Wednesday, August 08, 2012

The Michael Phelps Legacy: Changing the Sport of Swimming





“I wanted to change the sport and take it to another level.  

"It's kind of weird looking at this and seeing 'Greatest Olympian of All Time.' I finished my career the way I wanted to. It think that pretty cool."

--Michael Phelps, after collecting his 22nd Olympic medal and 18th gold as member of the USA men's 4x100 meter medley relay team. at the 2012 Olympics in London.

Missy Franklin, 17, who competed in seven swimming events in London, the most ever by a female Olympic swimmer, attributes her drive and ambition to Phelps, who made such a championship training regimen seem not only feasible but fun.

“He has done a world of difference for swimming,” Franklin said. “He has really brought swimming onto the scene and gotten so many more people involved. Just what he’s done is incredible, and he’s kind of made people rethink the impossible — rethink what they can do and how they can push themselves.”

She added: “I don’t think his shoes will ever be filled. I think his footsteps are huge. Hopefully, I can make little paths next to his.”

Le Clos, 20, said he watched Phelps win six golds and two bronzes at the Athens Olympics and was inspired to become a champion swimmer. It was not a coincidence that Le Clos swam six events in London, including the same four individual ones as Phelps. After watching Phelps win a record eight golds in Beijing, Le Clos added more events to his program to be like Mike. On Tuesday, he pulled off a monumental upset when he handed Phelps his first major international defeat in 10 years in the 200-meter butterfly.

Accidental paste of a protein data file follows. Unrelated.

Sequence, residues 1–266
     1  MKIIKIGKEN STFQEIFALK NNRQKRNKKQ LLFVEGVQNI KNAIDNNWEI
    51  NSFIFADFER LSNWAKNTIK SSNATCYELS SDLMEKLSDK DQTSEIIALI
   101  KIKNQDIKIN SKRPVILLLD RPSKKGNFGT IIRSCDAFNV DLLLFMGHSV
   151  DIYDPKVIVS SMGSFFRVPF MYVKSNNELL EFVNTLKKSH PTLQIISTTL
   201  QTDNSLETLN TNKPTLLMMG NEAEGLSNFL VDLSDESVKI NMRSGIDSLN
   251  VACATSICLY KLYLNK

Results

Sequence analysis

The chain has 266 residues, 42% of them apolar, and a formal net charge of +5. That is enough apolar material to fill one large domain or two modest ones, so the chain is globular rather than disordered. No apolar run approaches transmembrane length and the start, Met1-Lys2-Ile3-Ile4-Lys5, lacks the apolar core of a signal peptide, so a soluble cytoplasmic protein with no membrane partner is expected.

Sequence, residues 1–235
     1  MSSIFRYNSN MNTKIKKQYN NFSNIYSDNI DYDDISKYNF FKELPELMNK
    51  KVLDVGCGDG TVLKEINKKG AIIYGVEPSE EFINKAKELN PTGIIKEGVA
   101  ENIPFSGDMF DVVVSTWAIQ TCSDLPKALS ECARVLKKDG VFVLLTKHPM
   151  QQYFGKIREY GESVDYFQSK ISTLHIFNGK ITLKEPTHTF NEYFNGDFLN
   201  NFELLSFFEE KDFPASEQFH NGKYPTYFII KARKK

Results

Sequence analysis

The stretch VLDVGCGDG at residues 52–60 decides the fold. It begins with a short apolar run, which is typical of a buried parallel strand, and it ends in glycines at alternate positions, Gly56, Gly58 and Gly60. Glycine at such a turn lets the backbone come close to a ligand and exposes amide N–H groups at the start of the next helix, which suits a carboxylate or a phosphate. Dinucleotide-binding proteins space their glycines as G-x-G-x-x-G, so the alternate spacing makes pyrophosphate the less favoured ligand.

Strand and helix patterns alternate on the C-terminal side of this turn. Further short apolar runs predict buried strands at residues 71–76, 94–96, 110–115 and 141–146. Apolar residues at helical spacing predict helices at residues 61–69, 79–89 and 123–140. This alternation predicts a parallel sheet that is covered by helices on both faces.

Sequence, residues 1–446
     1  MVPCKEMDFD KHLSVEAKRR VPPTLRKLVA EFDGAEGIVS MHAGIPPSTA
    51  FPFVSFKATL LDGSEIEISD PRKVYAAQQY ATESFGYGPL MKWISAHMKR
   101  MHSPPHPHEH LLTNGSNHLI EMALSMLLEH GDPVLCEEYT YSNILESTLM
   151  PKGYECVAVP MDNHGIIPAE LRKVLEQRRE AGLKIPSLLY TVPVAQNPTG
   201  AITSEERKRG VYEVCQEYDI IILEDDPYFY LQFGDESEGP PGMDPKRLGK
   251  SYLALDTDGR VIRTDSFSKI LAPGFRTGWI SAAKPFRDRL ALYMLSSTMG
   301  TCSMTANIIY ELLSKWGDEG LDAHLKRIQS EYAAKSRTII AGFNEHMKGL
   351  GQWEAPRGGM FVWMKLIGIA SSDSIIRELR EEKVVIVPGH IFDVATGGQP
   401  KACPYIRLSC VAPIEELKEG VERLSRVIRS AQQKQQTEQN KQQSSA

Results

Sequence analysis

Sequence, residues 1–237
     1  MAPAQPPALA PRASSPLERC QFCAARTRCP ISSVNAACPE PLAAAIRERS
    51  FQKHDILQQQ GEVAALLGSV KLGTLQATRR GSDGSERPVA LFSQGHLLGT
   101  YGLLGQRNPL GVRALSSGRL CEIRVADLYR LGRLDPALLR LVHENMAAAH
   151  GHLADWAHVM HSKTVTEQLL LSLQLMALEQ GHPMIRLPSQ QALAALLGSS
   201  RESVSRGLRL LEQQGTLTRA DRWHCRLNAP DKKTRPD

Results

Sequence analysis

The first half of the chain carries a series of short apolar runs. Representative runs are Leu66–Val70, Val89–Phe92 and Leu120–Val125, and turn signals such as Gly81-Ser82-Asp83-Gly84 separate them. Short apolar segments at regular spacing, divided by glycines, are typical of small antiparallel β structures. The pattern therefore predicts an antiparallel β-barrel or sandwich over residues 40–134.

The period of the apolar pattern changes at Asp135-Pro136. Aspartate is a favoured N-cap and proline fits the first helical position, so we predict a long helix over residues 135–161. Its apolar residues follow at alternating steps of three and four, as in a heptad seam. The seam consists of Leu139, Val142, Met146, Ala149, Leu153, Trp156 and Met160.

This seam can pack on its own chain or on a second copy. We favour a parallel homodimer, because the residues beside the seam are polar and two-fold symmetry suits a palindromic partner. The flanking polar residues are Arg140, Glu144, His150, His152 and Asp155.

“That’s why I was so emotional afterwards,” Le Clos said. “He was the reason I swam the butterfly. It’s not a joke. If you think about it, it’s kind of crazy.” He added: “That’s why I swim the 200 freestyle, both the I.M.’s. I don’t swim it for any other reason than just because Michael does.”

Phelps got choked up when he heard that he was Le Clos’s hero and role model, Bob Bowman, Phelps' long-time coach said. “It means Michael’s done what he wanted to do: affect the sport of swimming,” Bowman added.


Among those he turned back in the butterfly final was Milorad Cavic of Serbia, who nearly outtouched him in 2008. “I cannot be compared to Michael Phelps,” Cavic said. “I’m a one-trick pony. He does it all."


Excerpts from nytimes.com (08/04/2012). Crouse, Karen. "With One Last Gold, Phelps Caps Career That Inspired a Generation."
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